Yo-Yo Ma, Emanuel Ax, Leonidas Kavakos performing Brahms Piano Trio No. 2 in C Major – Movement III.

Leonidas Kavakos, Yo-Yo Ma, Emanuel Ax: Brahms, the Piano Trios by Tim Homfray

The Strad Issue: January 2018
Description: Gloriously warm and eloquent Brahms from a trio of masters
Musicians: Leonidas Kavakos (violin), Yo-Yo Ma (cello), Emanuel Ax (piano)
Works: BRAHMS Piano Trios: no.1 in B major op.8, no.2 in C major op.87, no.3 in C minor, op.101
Catalogue Number: SONY CLASSICAL 88985407292 (2 CDs)

These trios run in order of composition, so the heavily revised version of the first trio appears last. The C major second trio is warm-blooded, sultry, with even (whisper it) a touch of the Mediterranean. The first movement varies between a one-in-the-bar and a three-in-the-bar feel, sometimes swaggering along with an easy rubato, at others probing and introspective. There is muscularity where needed, but also a wonderful lightness of touch, as in the pianissimo interplay of the scherzo. This is, in essence, happy, in the finest traditions of C major.

There is something elegiac and profoundly lyrical about the opening movement of the third trio, for all its C minor seriousness, with the tone clean and full. Surely Marlene Dietrich could have sung the creamy E flat melody, and further in, the musicians seem close to the atmosphere of a Viennese coffee house. The Presto is an exhibition of superior legato playing, and the string duets in the Andante grazioso are simply gorgeous.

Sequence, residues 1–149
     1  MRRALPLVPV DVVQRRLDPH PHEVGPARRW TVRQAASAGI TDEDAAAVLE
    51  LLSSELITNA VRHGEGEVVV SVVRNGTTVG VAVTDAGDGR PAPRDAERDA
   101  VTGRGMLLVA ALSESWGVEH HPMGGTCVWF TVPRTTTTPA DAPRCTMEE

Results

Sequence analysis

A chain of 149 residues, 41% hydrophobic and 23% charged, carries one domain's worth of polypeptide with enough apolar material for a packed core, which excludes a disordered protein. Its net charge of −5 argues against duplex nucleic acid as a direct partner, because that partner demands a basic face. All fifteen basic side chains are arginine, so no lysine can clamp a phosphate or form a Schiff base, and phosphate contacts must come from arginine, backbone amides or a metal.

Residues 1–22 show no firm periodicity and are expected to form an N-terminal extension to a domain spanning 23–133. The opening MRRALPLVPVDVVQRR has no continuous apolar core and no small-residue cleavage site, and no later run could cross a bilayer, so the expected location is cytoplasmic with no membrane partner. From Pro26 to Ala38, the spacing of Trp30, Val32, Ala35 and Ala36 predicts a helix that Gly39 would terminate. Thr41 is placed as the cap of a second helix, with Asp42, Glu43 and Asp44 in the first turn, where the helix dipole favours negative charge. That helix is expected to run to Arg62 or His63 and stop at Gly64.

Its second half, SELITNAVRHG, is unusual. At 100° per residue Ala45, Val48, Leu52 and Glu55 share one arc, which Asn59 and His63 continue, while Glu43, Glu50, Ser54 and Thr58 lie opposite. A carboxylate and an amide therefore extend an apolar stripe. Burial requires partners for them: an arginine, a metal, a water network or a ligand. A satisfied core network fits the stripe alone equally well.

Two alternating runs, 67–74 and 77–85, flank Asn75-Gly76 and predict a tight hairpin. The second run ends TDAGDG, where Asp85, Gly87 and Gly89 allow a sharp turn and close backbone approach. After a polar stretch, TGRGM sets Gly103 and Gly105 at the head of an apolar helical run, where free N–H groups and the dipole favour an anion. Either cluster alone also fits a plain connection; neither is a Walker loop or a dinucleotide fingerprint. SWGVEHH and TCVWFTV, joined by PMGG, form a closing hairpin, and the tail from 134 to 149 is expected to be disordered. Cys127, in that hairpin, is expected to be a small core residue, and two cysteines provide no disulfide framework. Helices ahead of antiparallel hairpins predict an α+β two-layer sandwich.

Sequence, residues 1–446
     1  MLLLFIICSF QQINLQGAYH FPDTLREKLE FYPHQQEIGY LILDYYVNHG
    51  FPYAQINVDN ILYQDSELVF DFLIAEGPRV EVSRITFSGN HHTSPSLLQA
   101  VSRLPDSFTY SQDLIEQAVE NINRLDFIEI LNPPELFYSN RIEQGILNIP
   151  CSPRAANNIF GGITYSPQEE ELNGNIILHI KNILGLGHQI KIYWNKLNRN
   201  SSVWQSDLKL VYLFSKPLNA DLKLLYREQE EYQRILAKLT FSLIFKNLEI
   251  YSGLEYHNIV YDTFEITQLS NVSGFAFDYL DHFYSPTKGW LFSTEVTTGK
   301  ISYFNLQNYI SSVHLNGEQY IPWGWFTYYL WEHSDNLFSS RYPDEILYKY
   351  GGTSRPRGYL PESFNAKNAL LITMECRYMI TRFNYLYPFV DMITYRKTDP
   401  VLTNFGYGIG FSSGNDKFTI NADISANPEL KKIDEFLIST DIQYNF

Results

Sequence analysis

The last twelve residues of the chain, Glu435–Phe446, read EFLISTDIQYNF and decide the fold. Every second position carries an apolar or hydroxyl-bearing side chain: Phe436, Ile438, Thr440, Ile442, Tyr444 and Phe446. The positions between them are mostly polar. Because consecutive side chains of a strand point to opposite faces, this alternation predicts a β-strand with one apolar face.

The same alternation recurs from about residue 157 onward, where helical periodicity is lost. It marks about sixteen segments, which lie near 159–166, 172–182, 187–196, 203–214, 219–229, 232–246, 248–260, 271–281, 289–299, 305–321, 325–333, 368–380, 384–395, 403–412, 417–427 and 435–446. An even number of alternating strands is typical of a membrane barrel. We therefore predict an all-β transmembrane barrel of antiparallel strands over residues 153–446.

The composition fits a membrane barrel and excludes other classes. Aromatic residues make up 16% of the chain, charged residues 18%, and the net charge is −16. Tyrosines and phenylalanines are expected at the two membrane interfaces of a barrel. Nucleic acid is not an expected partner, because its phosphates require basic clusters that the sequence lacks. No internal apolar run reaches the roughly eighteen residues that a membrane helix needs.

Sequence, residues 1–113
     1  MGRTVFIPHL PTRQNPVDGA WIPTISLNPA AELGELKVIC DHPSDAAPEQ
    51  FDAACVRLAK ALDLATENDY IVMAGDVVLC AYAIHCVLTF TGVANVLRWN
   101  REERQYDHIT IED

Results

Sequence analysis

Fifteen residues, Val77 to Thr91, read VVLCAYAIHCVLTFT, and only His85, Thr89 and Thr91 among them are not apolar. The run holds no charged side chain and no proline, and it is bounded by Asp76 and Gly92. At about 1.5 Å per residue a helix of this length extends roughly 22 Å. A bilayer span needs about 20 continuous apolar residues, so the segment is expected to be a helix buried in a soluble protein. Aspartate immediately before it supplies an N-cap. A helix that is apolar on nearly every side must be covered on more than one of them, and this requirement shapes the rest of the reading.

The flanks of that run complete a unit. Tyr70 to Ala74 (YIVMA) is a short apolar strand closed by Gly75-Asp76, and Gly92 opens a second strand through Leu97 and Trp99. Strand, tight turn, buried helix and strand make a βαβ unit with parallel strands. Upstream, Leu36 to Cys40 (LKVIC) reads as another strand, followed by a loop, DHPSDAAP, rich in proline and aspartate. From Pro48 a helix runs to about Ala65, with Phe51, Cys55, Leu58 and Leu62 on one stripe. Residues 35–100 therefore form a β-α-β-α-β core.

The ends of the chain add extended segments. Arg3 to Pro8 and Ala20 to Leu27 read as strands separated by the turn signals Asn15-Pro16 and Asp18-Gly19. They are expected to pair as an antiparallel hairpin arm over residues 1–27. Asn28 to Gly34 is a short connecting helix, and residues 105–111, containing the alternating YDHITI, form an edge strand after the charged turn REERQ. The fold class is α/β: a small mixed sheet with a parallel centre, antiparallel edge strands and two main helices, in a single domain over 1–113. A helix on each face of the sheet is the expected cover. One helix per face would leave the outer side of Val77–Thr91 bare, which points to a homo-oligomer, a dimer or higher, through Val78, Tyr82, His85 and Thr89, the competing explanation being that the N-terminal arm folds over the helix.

In the first movement of the B major Trio no.1, the players combine vigour with a willingness to linger and smell the roses. At the outset Yo-Yo Ma draws the listener in with exquisite playing in the opening melody, and later they change down a gear to savour the lead into C sharp major. In the scherzo, following the light-footed Allegro molto, the meno allegro central section is rich, flowing and beautifully phrased. After the hushed mysteries of the Adagio, the finale has a splendidly muscular finish. The recorded sound is well balanced and warm.

TIM HOMFRAY

  • Show Comments (0)

Your email address will not be published. Required fields are marked *

comment *

  • name *

  • email *

  • website *

Books. Fiction. Film. Music. Non-Fiction. Literature

African Literature

You May Also Like

Cinema

Moonlight 2016 Director: Barry Jenkins Film Synopsis: A young man deals with his dysfunctional ...

The First Wife: A Tale of Polygamy by Paulina Chiziane

  The First Wife: A Tale of Polygamy by Paulina Chiziane After twenty years ...

Film: The Son of Joseph (Le fils de Joseph)

Review: ‘The Son of Joseph’ Fancifully Repackages the Nativity THE SON OF JOSEPH NYT ...

Self Care

The Art of Self-Care — A cup of tea. Reading. Light a candle. Meditation. ...

Saturday Getaway

  Trip to Oakland, California…